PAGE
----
I, the grandson of devout Orthodox Jews, am watching my younger daughter being confirmed in the Lutheran Church. The minister, an affable, athletic-looking man, has his hands on my daughter’s head as he says a prayer. Afterwards, my wife takes a group picture of the smiling minister with the confirmed kids. I stand in the background—an outsider, mildly uncomfortable, looking forward to leaving this alien realm and returning to my usual Sunday morning activity: reading the New York Times. I am what so many Jewish leaders worry about—a non-Jewish Jew whose children, by virtue of my marriage to a gentile, are being raised as Christians.
Many Jewish-gentile families retain some Jewish traditions. My family is thoroughly Christian; we celebrate Christmas and Easter, not Hanukkah or Passover. No doubt, if all Jews followed in my footsteps, the Jewish people would no longer exist. My response to that highly unlikely possibility is: “So what?” I don’t feel any obligation as a Jew to preserve the Jewish people, and I find truly offensive the argument of those who speak of a “Silent Holocaust,” who argue that assimilation is a posthumous victory for Hitler. How can the slaughter of innocent people on the basis of some absurd racist theories be equated with assimilation—the latter a choice freely made?
Some people would argue that my choice is not “really” a free one—that the demon of Jewish self-hatred has compelled me to move far way from my origins. There is no arguing with those who read my character in such fashion, since whatever I say will be grist for their mill, but I should note that I have never tried to hide the fact that I was born and raised a Jew. And I don’t think I’m protesting too much when I say that I have many Jewish friends, including some who practice the rites of Judaism.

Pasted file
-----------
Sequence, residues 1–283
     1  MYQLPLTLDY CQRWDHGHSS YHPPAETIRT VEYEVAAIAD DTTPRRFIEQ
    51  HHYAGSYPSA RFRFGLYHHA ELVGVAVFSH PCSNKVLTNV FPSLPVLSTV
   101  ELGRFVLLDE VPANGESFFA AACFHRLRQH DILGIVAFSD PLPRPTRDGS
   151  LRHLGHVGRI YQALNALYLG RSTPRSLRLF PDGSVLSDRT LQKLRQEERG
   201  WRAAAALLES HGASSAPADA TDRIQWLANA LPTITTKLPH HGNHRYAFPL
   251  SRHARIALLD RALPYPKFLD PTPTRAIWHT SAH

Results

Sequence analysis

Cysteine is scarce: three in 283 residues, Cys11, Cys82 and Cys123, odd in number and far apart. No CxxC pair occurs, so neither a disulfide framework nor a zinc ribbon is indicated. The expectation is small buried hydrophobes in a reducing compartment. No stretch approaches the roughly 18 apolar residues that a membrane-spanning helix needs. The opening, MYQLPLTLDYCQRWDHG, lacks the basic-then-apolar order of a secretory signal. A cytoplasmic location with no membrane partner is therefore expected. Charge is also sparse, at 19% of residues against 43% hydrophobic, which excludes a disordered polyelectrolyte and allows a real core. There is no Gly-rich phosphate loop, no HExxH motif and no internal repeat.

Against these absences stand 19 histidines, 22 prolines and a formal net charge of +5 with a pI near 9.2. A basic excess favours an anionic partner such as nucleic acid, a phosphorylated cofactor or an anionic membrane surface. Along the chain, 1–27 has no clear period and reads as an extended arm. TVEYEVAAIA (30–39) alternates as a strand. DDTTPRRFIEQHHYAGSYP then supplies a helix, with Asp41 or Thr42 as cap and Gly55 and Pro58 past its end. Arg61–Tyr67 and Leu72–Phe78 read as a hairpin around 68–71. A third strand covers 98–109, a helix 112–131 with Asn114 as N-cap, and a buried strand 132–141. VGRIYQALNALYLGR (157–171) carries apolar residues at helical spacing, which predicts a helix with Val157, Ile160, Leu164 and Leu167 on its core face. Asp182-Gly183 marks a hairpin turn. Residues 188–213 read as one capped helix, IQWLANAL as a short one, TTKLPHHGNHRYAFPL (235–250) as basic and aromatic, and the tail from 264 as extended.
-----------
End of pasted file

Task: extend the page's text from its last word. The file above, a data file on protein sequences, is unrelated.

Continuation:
Even if self-hatred—a notoriously open-ended notion—is ruled out, there remains the question of duty. I don’t think the Holocaust confers a special obligation on me, but I do wonder if I have some obligation to the religion I was born into. The notion of obligation is very strong among Jewish intellectuals. Daniel Bell has said that obligation is at the core of Judaism; obligation, he says, “is a redemption of debt to those who have nurtured us, institutions which have fostered us, and so on.” In Commentary recently, Neal Kozodoy said of a famous Jewish writer’s lack of connection with organized Jewish life, “He had conspicuously declined to educate himself about its culture, its traditions, or its modes of self-perpetuation.” Do these strictures apply to me as well? I remember my devout grandmother: a generous, amusing, and tough-minded woman who emigrated from Romania when she was seventeen so that, among other things, she would not be persecuted for being an Orthodox Jew—or indeed a Jew, period. Did I casually relinquish what she struggled so hard to preserve? Did I walk away from Judaism too quickly?